Diet plays a huge role in mental health, and let’s face it: all too often, our diets are terrible. In particular, sugar raises anxiety levels, and it is also one of the most addictive substances in the world. What does this mean? Sugar fuels both anxiety and addiction, which fuels even more anxiety. Start cutting the sugar out of your diet, and be intentional every day about keeping it out. You may be surprised to realize how much you have been mindlessly nibbling on donuts, how much those two spoons of sugar in each cup of coffee have been adding up, or the amount of sugar in just one bottle of soda. Even a cup of fruit juice has more sugar than you want to be consuming. Make small steps to reduce your sugar intake, and as you start feeling more in control of your own health and well-being, make even more significant steps.

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Do more than cut sugar out; replace it with something that your body will thank you for. Eat whole fruit instead of drinking fruit juice. Find new foods, especially snack foods, that will satisfy your cravings and help you get through a long day at work. Caffeine and alcohol can be just as debilitating for mental health. While one cup of coffee in the morning is not necessarily a bad thing, relying on coffee all day long wires your brain up for chronic anxiety. Similarly, one glass of wine can be relaxing at the end of the day, but drinking to intoxication is terrible for both mental and physical health. Aim to reduce both caffeine and alcohol to more manageable levels.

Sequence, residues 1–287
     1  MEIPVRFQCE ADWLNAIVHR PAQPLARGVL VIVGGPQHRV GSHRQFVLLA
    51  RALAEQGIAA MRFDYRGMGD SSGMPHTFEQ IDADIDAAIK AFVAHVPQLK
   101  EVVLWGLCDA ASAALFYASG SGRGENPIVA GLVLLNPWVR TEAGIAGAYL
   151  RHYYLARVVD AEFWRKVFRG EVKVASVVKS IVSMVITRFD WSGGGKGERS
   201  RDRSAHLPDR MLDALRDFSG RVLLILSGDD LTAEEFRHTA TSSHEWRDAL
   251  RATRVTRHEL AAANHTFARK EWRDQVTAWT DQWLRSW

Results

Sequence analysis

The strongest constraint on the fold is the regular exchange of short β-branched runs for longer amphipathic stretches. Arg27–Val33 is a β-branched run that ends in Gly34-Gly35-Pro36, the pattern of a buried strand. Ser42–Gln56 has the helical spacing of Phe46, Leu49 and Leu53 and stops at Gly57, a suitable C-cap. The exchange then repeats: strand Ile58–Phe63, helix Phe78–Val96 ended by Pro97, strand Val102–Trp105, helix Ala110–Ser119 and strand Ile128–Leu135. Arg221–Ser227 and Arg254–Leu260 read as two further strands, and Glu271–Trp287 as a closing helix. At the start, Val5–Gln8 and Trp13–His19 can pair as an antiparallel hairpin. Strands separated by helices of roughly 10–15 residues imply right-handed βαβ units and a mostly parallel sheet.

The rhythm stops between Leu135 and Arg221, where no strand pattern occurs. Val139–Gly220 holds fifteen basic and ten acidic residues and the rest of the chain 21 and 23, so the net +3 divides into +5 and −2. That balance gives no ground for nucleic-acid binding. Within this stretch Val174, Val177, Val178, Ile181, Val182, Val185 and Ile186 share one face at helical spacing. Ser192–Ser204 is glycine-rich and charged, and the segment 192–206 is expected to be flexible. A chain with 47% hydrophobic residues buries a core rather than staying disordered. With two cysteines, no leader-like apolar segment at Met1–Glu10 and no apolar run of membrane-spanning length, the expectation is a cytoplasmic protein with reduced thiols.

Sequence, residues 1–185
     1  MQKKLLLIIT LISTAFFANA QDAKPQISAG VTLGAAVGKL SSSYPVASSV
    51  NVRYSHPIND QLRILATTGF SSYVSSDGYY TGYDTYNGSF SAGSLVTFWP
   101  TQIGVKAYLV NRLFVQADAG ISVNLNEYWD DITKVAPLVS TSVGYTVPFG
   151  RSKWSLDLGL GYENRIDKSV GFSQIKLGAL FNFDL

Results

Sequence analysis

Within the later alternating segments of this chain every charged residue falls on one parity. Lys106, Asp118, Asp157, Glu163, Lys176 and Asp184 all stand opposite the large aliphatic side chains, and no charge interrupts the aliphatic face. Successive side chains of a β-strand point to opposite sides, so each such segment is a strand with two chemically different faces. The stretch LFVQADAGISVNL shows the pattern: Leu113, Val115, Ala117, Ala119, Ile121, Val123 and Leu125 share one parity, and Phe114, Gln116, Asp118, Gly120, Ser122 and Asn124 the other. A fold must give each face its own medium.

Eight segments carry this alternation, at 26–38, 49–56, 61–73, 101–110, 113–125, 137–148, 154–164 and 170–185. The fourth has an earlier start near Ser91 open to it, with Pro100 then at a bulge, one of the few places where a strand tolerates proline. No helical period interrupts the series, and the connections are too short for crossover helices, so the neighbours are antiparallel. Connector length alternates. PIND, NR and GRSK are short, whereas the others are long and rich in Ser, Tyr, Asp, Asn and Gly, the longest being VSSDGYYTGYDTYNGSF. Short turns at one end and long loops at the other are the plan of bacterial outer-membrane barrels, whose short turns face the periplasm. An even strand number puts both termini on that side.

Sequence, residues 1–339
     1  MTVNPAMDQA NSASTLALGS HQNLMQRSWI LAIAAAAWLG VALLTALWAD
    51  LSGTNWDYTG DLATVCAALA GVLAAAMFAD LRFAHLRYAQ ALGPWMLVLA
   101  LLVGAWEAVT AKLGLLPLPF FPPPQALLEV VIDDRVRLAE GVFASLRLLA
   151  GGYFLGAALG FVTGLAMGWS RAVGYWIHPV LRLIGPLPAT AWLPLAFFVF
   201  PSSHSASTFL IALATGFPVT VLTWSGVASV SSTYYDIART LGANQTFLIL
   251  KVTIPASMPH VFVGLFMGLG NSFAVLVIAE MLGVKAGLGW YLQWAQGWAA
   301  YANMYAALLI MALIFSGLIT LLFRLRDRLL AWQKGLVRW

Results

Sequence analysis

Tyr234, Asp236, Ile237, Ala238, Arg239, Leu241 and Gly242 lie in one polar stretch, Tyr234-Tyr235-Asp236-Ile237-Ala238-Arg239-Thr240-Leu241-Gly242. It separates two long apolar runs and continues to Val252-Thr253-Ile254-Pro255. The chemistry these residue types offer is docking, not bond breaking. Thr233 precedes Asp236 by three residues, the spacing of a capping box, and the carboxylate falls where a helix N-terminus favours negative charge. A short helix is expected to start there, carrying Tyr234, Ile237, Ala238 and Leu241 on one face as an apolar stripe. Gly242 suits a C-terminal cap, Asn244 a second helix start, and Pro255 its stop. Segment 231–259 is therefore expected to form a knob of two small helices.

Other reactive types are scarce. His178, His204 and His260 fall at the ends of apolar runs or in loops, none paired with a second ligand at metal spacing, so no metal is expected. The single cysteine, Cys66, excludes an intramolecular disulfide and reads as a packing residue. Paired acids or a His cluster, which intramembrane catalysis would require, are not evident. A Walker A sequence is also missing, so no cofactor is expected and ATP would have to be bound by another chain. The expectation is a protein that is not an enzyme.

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11. Drink green tea and chamomile tea.

You may know that green tea has remarkable health benefits and that many people drink chamomile tea to help them sleep. Chamomile tea, made from chamomile flowers, contains compounds that help people relax at the end of a long day. Add in some lavender, which fights anxiety on its own, and you have a drink that will help calm down your frayed nerves. However, make sure that you don’t add any sugar.

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Green tea does have some caffeine – much less than coffee – but its health benefits far outweigh the adverse effects of caffeine. Studies have shown that green tea effectively boosts healthy brain activity. It even goes so far as to stabilize brain waves that may have run amok to induce anxiety. Swap out your afternoon cup of coffee for some green tea. Again, don’t add any sugar.

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10. Drink more water.